"But they rejected me," he says of Dallas. "They [the other museums and galleries] saw me as competition.
"It was regionalism and protectionism," he adds. "It was so uncalled for. The arts have to be an open field...The more material, the more people, the better it is."
But some artists say this supposed rejection wasn't protectionism, it was weariness. Contemporary artists in Dallas had been down this road many times, says Don Schol, interim dean of the school of visual arts at the University of North Texas. The idea had come up before, but hadn't made it into reality--except for a contemporary art museum during the 1960s that was absorbed by the DMA. Pandozy's notion came along at a time when there was a lull in energy for such an effort, Schol says.
"I think a lot of the artists of my vintage thought it was a nice idea, but it probably wouldn't fly," he adds.
The premise for the museum itself was somewhat vague. A 1993 newsletter explaining the museum's concept was long on abstractions and short on concrete goals. The mission of the new museum would be to "establish art's social, philosophical, and moral responsibilities, expand individual artistic consciousness and the artist's intellectual horizon, and to advance and promote mainstream contemporary art in Dallas."
The strategies set forth to do this were equally grandiloquent, equally nebulous. Pandozy listed exhibitions, discussions, experimental artist-public interfaces, a research program, even a local and international art registry. Yet there was no talk of a space for these exhibits, nor talk of how much it would cost to get the program started. The museum would not be a museum in the traditional sense--meaning a space to show art, Pandozy wrote. It would exist "to stimulate intellectual growth and the production of better art."
Others saw the museum as another effort by Pandozy to draw attention to himself.
"It was the Raffaele Museum, and people generally weren't too interested in that," says the university director who wishes not to be named.
Pandozy laughs at the references to his ego. Of course he has an ego, he says; all artists do. But it is the type of ego that makes a difference, he explains. There is an ego that does things to make you look good, and there is a transcendental ego--one that lets you see things happening even when others can't.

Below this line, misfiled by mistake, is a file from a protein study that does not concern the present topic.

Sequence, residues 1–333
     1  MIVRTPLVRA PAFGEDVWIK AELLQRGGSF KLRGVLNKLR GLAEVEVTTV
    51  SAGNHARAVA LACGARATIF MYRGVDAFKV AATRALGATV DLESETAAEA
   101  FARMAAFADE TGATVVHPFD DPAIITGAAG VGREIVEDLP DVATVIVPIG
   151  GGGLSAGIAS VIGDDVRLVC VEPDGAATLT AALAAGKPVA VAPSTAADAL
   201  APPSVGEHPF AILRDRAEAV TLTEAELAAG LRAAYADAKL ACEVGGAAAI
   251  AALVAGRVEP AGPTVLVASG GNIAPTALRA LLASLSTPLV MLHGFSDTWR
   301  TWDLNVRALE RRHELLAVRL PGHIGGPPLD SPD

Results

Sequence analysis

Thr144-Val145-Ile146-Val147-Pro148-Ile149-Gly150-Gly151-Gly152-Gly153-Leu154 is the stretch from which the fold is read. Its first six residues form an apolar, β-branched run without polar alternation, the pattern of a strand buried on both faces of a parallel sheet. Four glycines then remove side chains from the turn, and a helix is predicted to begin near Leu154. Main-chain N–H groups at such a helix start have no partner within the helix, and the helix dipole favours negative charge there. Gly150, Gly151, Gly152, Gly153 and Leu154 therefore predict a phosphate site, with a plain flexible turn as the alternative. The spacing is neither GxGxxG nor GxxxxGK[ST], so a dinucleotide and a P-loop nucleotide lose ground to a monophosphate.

"They call them people of vision," he says dreamily. "All people of vision have a transcendental ego. You can't put one guy with vision and a beer drinker in the same room and have them have the same kind of talk."
People just couldn't grasp Pandozy's vision.
"I was terribly disappointed," he says. "I said to myself, 'Why do this? Nobody appreciates it. People look at you as if you are doing this for your own ego.'"
A recent day found Pandozy in full rant. He had just been in Deep Ellum and had seen the "art" being installed beside Good-Latimer Expressway. He hated it.
"It is so tacky!" he says. "When an artist puts himself out there at that level, he is supposed to make a social statement. That is just fool cool. If that is the future of art, then we are in big trouble."
Dallas still doesn't get it, he laments. Monumental art, public art, is not supposed to be temporal or of the moment. It is supposed to be timeless. It is supposed to be concerned with human values.
"After three days, that should be wiped out," Pandozy says. "Those pieces should go. They are making a statement that is no statement, and it defeats the purpose of public art."
It isn't often that he gets so worked up about local art. Pandozy usually isn't here to see it these days. He spends most of his time away from Dallas, venturing here only to check on his rental studios. He also works on his book in Dallas, though he no longer sculpts here. It is too difficult to create sculptures here and then ship them to New York or Milan, he says. He is, by his own admission, completely cut off from the community around him in Dallas.
So why is he still here? Habit. "I own this building," he says. "I cannot sell it. Look where it is."
He has chosen his exile, and he will endure the misunderstanding. It is his lot, a mantle he wears with some pride.
"You have to be a free, uninhibited researcher," he says. "The artist takes on a thematic, explores the idea, and once he feels it is explored, he goes to the next one. If he stays with that idea all his life--and you can see that with some artists who have done the same thing all their lives--they are nuts.